Personally I would not use xor as a rng combiner.   If one of your functions is correlated with the other you risk canceling it it. This can happen due to error e.g. second RNG fails, first ones output is reused or if the second RNG is malicious code that can observe the output of the first. Instead, I would prefer to use a regular cryptographic hash function as the combiner.

(and, indeed, Bitcoin Core uses a hash function as the combiner)
51  Bitcoin / Development & Technical Discussion / Re: Bogus locator in getheaders (test data wanted) on: August 05, 2018, 01:58:35 AM
According to my suggested threshold of 60480, it doesn't fail.
No but it would fail the _existing_ chain with a threshold of more than half that one. So your adhoc rule doesn't even have a safety margin of 2 against the existing chain-- much less against what is reasonably possible.  If hashrate grows quickly this threshold will be exceeded.  There is no constant threshold where large hashrate growth cannot exceed it.

No, it is not a lazy approach, whatever.

I don't find 'whatever' to be much of an argument. It still sounds to me that you think the whole network should potentially dangerous changes to the consensus rules in order to avoid having to correctly process a megabyte of network data without undue load. How isn't that lazy?
52  Alternate cryptocurrencies / Altcoin Discussion / Re: CommitTransaction(): Transaction cannot be broadcast immediately, no-witness-yet on: August 04, 2018, 10:31:20 PM
Can anyone help me with this error CommitTransaction(): Transaction cannot be broadcast immediately, no-witness-yet

Seems to happen sometimes when sending transactions from client to client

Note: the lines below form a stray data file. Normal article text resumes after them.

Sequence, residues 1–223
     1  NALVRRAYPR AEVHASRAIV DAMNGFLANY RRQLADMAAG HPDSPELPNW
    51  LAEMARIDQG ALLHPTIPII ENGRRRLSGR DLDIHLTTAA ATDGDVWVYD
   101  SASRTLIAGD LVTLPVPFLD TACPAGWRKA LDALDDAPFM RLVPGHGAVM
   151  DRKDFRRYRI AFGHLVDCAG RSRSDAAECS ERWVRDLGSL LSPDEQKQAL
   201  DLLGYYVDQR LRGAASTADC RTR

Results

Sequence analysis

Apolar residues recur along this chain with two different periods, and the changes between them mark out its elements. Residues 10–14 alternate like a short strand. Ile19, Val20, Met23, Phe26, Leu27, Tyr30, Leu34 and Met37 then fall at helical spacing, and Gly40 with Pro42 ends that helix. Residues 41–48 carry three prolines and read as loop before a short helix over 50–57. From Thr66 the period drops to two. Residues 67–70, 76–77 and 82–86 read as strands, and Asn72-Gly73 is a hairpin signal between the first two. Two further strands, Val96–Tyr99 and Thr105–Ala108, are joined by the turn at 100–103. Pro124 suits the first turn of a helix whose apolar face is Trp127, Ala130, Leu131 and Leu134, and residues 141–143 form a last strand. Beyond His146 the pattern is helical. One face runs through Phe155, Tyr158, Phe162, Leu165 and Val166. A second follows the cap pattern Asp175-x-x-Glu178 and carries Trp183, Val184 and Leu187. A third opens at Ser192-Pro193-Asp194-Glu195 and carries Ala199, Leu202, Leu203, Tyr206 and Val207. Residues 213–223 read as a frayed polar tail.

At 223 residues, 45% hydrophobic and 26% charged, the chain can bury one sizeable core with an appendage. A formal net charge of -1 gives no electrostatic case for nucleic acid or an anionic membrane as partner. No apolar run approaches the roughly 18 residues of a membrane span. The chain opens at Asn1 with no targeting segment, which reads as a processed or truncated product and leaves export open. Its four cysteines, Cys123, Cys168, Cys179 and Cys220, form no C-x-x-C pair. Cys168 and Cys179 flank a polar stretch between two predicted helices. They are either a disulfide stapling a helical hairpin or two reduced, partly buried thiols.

How are you creating the transactions? Have you allowed your node to sync? no-witness-yet was a message produced by older software when you try to send a segwit spend but the blockchain hasn't activated segwit yet.
53  Bitcoin / Development & Technical Discussion / Re: Bogus locator in getheaders (test data wanted) on: August 04, 2018, 10:11:31 PM
Obviously, the criteria is:
Any fork, being the longest chain or not, is not allowed to exceed a computable threshold in length such that it would compromise the block generation rate imposed by other consensus rules.
Taken strictly that criteria is violated by the existing chain. In other words, if it were imposed previously the network would have already faulted. Block 0 is timestamp 2009-01-03 18:15:05, this was 3501 days ago, which implies ~504144 blocks. Yet we are on 535244.

Any increase in hashrate will result in that condition, implemented strictly, being violated because the difficulty adjustment is retrospective and only proportional (it includes no integral component).  If the condition is violated it can cause spontaneous consensus failure by forcing blocktimes against the maximum time skew and causing the network to break into islands based on small differences in their local clocks. You can add margin so that it hasn't failed _yet_ on the current chain but what reason do you have to expect that it wouldn't fail at some point in the future for any given selection of margin?  There is no amount which the chain is guaranteed by construction to not get ahead by. Quite the opposite, under the simple assumption that hashrate will increase over time the chain is guaranteed to get ahead.

So we have a solid definition, provably safe
As far as I can see your posts contain no such proof. In fact, the existing chain being well ahead of the metric now is concrete proof that some arbitrary safety margin values are not safe. What reason do you have to believe another arbitrary value is safe given that some are provably not, beyond "this setting hasn't failed with the historic chain yet"?